For the first time ever, there is only a 7% correlation between the movements in the stock markets this cycle and the movements in the economy. Normally it is between a 30%-70% correlation depending on the starting point and the multiple.

  • Stansberry Investor Hour: What’s the Most Valuable Asset in the World Right Now? I suggest listening to 24:50–1:05:30 when Meb Faber, CIO of Cambria Investment Management, joins the episode. This is one of my favorite episodes with Meb — he talks about why he is a believer in trend-following and value tilts, why home country bias hurts investors and why having a globally diversified portfolio is important (especially for U.S. investors with the market at all time highs), and why investors need to have a long time-horizon when judging performance. [January 23, 2020–1 hour, 18 minutesiTunes Podcast Spotify | Overcast | Breaker | Website Link

They confuse process with outcome. You could make a really bad bet at the roulette table in Vegas, you could make a bad bet in the markets and get rewarded for it and think it was a brilliant move, and vice versa, you could make a very sensible bet and and it not work out.

  • The Meb Faber Show: #199 — Peter Livingston — All My Best Investments Were The Ones I Couldn’t Get Anyone Else To Do. Livingston is an angel investor and is the founder and General Partner of Unpopular Ventures, and has made over 150 angel investments to date. He’s open about some of his bigger misses, including Instagram and Door Dash. During the episode, he discusses the differences between venture capital and angel investing, the relationship between companies and investors from syndicates, and emphasizes the success of the syndicate angel investment, which he thinks will become the next Benchmark or Sequoia of venture. [January 29, 2020–1 hour, 10 minutesiTunes Podcast | Spotify | Overcast | Breaker | Website Link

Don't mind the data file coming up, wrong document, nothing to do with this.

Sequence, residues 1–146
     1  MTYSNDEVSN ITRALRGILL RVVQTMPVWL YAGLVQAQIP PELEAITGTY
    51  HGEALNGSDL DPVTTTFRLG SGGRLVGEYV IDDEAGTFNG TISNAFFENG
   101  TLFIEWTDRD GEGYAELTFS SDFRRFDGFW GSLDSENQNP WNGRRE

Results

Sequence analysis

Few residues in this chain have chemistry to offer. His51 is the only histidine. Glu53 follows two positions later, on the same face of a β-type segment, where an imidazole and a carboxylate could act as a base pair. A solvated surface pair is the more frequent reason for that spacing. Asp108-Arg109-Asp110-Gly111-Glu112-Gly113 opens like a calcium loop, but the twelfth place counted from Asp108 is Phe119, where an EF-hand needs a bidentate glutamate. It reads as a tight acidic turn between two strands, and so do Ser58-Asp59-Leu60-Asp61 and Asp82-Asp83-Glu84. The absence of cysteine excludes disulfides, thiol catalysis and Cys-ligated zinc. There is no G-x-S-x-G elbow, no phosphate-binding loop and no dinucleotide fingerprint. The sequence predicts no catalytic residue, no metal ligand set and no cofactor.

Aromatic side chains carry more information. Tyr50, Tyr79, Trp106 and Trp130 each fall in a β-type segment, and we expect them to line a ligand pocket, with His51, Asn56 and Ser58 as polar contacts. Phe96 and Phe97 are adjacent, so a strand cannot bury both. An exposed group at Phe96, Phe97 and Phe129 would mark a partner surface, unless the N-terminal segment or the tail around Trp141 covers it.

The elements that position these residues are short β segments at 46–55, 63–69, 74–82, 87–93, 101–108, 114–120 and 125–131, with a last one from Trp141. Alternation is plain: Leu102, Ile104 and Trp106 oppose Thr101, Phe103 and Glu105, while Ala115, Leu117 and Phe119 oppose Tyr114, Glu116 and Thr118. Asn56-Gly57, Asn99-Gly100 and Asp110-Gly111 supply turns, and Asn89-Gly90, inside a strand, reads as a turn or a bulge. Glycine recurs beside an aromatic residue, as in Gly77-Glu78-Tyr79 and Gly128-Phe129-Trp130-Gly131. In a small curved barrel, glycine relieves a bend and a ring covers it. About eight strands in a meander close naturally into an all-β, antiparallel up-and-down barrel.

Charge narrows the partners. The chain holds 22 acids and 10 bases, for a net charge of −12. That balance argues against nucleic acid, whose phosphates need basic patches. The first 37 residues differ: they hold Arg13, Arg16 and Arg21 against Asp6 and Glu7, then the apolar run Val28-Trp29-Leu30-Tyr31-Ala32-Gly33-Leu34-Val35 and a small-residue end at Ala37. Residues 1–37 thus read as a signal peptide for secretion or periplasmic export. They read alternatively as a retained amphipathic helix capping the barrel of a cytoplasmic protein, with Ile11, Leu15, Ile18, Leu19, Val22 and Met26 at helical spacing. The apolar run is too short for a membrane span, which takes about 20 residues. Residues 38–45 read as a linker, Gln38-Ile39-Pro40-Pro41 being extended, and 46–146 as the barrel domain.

The Rest
  • TED Talks Daily: 8 lessons on building a company people enjoy working for. The episode is a quick and great one on how to create a culture of trust rather than control. It is with Patty McCord, the iconic former chief talent officer at Netflix. Her lessons are:
  1. Your employees are adults; if you start with the assumption that everyone comes to work to do an amazing job, you’d be surprised what you get.
  2. The job of management isn’t to control people, it’s to build great teams.
  3. People want to do work that means something and after they do it they should be free to move on.
  4. Everyone in your company should understand the business.
  5. Everyone in your company should be able to handle the truth.